Introduction to Social Work Field Education
Field Education is a core component of the University of Sydney Social Work program. Field Education 1 & 2 are academic units of study. The Field Education program promotes a community-of-learners’ model, aiming to engage all key people in the provision of good learning opportunities in field practice. This entails:
- providing the students with a variety of professional practice tasks
- challenging students whilst providing peer and professional support
- developing knowledge and skills
- linking theory and practice
- developing a professional identity
- developing critical reflection skills
Underpinning the community-of-learners' model are theories of adult learning, transformational learning, experiential learning in action and critical thinking.
The Field Education learning expectations are developed across the program aiming to develop values, skills and knowledge from a beginner to a practitioner capable of meeting AASW Practice Standards (pdf, 700kB).
Classes prior to the commencement of Field Education prepare the students to apply theory to practice, to employ a range of Social Work interventions and to demonstrate professional values and ethics. In preparation for each Field Education placement, each agency field educator determines the scope and parameters of learning opportunities within their setting. In negotiation with the field educator, using the specific Field Education course learning expectations as a framework, students produce a set of learning goals. These goals set out what they hope to learn and how this learning will occur. Student learning is monitored and assessed by the field educator and the class teacher during the course of the field placement.
- The Field Education program is grounded in theory.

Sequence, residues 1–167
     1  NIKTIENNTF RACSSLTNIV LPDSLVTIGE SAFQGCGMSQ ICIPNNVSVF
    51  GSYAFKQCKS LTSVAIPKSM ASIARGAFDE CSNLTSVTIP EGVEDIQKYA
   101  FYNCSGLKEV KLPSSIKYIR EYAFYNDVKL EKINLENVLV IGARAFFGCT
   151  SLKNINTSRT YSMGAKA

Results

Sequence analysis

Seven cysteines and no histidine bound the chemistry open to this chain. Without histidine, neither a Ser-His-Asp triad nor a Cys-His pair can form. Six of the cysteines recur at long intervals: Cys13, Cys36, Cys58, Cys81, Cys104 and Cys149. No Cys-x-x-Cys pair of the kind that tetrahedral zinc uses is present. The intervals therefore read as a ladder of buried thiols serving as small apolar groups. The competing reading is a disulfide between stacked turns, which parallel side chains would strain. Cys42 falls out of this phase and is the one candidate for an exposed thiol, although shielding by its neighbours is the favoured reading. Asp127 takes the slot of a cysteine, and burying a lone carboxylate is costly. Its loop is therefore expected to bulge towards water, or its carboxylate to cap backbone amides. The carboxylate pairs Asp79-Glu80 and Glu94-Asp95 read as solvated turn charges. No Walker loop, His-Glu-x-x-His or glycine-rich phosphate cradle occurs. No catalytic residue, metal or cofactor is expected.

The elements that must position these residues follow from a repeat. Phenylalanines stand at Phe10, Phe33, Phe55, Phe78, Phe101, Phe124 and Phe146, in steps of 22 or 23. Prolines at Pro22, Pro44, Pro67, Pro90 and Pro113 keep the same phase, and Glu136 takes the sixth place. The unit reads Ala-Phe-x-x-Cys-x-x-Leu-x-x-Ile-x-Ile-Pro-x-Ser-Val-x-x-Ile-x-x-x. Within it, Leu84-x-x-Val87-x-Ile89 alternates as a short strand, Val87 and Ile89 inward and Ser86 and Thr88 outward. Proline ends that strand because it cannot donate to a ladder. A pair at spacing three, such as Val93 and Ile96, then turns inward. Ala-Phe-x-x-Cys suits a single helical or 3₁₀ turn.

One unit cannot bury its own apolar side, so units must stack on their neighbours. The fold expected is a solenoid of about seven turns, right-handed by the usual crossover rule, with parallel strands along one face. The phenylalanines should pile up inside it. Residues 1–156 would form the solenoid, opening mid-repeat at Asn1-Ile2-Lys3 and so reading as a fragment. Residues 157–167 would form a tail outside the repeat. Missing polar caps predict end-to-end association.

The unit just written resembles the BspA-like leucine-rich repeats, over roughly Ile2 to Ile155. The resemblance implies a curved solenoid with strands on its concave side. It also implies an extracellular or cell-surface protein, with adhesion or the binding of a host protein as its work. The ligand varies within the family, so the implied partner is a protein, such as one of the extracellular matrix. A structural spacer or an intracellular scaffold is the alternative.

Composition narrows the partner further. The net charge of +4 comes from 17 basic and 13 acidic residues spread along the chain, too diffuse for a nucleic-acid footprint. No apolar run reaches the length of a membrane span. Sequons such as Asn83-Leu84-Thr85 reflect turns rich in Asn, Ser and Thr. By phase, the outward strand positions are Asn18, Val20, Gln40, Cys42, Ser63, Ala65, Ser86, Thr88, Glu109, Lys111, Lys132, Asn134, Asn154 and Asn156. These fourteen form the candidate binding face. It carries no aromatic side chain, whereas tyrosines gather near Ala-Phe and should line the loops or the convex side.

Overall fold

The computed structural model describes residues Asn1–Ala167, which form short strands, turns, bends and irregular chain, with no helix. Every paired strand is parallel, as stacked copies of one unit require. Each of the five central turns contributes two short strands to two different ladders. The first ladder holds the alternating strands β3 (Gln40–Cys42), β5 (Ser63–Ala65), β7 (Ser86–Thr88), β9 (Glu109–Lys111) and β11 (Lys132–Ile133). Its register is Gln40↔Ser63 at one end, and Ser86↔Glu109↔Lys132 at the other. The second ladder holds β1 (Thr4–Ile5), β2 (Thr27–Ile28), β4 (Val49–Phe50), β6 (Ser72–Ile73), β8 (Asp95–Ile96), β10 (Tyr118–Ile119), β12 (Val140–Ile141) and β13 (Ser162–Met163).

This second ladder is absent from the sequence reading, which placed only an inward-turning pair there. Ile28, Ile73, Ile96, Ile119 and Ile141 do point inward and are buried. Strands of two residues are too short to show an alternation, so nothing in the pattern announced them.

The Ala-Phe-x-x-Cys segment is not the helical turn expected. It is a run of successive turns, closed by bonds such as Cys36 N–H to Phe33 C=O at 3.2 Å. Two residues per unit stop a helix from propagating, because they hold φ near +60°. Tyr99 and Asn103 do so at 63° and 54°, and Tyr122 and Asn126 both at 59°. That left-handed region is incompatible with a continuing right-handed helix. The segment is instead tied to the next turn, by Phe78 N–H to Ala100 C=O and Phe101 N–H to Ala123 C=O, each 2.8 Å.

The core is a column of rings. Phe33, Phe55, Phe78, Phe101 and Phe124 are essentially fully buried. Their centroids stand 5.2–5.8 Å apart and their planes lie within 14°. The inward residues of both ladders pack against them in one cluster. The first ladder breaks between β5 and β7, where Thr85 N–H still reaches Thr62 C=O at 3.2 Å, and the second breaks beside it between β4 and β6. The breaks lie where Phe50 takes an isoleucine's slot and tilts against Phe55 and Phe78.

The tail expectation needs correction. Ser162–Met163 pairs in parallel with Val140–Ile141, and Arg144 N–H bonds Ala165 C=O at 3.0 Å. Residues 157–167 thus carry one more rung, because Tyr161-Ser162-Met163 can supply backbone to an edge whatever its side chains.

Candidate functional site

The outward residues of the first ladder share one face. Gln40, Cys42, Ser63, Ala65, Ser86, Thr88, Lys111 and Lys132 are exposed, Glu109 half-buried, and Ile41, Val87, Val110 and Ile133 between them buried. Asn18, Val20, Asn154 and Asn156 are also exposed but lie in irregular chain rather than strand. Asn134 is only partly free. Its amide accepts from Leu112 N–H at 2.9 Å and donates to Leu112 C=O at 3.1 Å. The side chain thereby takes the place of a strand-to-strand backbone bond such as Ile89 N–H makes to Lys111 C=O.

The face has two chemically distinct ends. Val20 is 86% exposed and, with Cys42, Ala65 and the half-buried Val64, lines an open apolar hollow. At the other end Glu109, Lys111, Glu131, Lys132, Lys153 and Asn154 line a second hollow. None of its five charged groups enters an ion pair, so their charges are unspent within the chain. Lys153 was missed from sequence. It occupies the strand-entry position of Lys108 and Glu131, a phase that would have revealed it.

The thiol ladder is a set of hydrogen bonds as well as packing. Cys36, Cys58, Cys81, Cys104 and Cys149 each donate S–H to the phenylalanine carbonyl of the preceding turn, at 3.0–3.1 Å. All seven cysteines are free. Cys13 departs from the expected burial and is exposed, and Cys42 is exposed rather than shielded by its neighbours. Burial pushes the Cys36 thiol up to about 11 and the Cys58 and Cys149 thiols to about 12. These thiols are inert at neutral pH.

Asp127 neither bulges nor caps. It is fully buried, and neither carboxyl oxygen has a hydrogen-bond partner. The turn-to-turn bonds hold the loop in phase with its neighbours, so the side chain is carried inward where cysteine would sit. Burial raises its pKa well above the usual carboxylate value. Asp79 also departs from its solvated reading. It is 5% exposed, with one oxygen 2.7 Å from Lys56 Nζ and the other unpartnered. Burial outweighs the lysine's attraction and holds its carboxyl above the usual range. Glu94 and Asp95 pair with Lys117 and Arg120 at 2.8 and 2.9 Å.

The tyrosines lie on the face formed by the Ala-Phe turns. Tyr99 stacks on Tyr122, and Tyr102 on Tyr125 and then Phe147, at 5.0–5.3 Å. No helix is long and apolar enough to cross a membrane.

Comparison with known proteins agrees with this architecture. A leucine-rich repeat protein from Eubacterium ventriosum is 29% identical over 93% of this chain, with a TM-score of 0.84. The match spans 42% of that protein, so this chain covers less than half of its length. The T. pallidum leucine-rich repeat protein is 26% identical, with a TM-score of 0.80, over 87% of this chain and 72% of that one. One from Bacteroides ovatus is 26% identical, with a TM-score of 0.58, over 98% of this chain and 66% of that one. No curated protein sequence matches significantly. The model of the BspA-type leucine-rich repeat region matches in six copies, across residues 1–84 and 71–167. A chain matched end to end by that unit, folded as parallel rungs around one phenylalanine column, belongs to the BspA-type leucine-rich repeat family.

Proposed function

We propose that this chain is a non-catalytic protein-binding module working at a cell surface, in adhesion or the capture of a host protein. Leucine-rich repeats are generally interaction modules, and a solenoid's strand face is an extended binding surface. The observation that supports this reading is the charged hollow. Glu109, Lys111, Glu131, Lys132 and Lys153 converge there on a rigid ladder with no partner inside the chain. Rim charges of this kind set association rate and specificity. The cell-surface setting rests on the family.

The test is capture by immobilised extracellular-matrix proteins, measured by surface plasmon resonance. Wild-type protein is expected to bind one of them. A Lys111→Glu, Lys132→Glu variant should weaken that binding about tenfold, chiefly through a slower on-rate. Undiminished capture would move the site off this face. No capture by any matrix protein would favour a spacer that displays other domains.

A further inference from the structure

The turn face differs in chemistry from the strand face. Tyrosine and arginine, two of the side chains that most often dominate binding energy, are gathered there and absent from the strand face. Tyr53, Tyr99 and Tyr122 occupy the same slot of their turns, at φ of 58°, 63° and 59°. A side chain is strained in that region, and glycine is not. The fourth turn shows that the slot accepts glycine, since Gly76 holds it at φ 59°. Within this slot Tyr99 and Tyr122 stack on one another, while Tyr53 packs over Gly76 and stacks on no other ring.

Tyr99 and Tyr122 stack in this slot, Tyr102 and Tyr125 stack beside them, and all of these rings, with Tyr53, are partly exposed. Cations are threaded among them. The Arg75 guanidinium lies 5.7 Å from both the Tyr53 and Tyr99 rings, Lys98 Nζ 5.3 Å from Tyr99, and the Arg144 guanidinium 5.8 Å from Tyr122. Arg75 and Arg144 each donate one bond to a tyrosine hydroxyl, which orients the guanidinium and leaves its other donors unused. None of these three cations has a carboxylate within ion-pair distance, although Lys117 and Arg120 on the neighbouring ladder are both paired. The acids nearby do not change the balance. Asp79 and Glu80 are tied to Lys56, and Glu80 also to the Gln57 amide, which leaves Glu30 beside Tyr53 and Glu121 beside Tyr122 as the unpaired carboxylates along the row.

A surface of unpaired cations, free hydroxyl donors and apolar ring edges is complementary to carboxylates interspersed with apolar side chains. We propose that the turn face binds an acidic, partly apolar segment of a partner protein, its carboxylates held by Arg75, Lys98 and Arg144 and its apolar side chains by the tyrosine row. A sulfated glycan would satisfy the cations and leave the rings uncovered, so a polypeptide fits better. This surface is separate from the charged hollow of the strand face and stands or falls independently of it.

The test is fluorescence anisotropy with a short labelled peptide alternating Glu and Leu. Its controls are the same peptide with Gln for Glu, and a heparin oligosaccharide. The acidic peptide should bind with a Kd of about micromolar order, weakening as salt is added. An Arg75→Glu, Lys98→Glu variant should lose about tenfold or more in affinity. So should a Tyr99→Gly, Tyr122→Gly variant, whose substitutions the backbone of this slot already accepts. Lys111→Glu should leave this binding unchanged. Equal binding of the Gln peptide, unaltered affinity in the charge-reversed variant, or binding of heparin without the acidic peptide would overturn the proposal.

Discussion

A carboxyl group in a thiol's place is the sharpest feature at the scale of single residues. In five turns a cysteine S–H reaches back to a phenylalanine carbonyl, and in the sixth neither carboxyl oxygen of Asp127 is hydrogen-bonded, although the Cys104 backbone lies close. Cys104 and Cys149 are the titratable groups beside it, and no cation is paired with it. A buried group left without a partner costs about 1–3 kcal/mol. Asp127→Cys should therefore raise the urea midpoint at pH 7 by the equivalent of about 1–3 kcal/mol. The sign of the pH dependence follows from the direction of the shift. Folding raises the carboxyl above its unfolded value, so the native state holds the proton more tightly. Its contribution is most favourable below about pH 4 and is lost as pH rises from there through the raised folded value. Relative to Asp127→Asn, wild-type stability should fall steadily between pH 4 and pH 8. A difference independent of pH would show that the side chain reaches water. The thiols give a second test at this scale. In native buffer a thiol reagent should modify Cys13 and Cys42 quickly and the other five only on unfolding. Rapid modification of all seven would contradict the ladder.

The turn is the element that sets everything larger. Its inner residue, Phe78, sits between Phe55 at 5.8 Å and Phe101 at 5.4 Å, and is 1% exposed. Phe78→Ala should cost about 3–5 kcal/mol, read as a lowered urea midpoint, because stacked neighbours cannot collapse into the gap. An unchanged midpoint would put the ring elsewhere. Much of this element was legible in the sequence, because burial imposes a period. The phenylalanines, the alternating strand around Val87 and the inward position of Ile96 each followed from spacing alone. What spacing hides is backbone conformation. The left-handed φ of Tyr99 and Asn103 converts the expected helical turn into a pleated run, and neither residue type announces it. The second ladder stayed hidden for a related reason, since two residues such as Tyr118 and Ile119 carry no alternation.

- The program is based on a learning philosophy in which the student is an active participant.
- Students will be provided with diverse learning opportunities.
- The program is consistent with AASW requirements.
Each facet of the Social Work Field Education program is expected to contribute to the learning experience of students to:
- complement classwork in developing students’ professional identity and competence
- facilitate students’ understanding of the social, economic and political context of social work and critical analysis of the place of social work in society
- familiarise students with competing theories about the individual and society, and with tensions arising from these that are inherent in all social-work intervention
- promote students’ competence to act in managing these tensions through the acquisition of social-work skills and methods, including research
- facilitate students’ developing coherent practice that assists individuals and promotes social change
- implement an educational philosophy that promotes learning partnerships between students, field educators and staff of the faculty.
In collaborating with agencies, the faculty seeks to:
- develop continuing reciprocal relationships in order to facilitate student education, research, consultation and continuing professional development
- provide high-quality Field Education
- create the opportunity for innovative practice
- develop formal agreements about the responsibilities of all parties
- support field educators in assisting students' learning.
- Students must spend a minimum total of 1000 hours in at least two field placements.
- No placement will be less than 40 days.
- Patterns of placement days may vary from five days per week to a minimum of three days per week.
- No placement shall be an observational placement.
- In every placement students must be supervised by a qualified social worker who has a minimum of two years’ full-time practice experience.
- Students must undertake placements in at least two practice settings (e.g.: hospital, neighbourhood centre, government agency).
- Students must experience at least two fields of practice (for example, mental health and child protection, or refugee settlement and disability services).
- Students must be able to practice using a diverse range of social work interventions, including casework, group work, community work, policy development, social action and research.
For more details see section 4.3: “Field Education” of the AASW’s Policy Australian Social Work Education and Accreditation Standards (AASW 2008)
- Social Work Field Education Handbook 2014 (pdf, 4.12MB)